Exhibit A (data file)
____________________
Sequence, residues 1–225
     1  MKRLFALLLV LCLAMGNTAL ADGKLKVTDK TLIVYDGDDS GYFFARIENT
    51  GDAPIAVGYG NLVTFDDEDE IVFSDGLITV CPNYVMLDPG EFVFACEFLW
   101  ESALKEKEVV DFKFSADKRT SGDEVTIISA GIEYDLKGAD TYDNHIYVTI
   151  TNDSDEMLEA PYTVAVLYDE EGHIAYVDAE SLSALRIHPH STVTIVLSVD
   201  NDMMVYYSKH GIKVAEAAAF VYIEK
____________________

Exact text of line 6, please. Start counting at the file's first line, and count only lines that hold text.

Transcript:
   201  NDMMVYYSKH GIKVAEAAAF VYIEK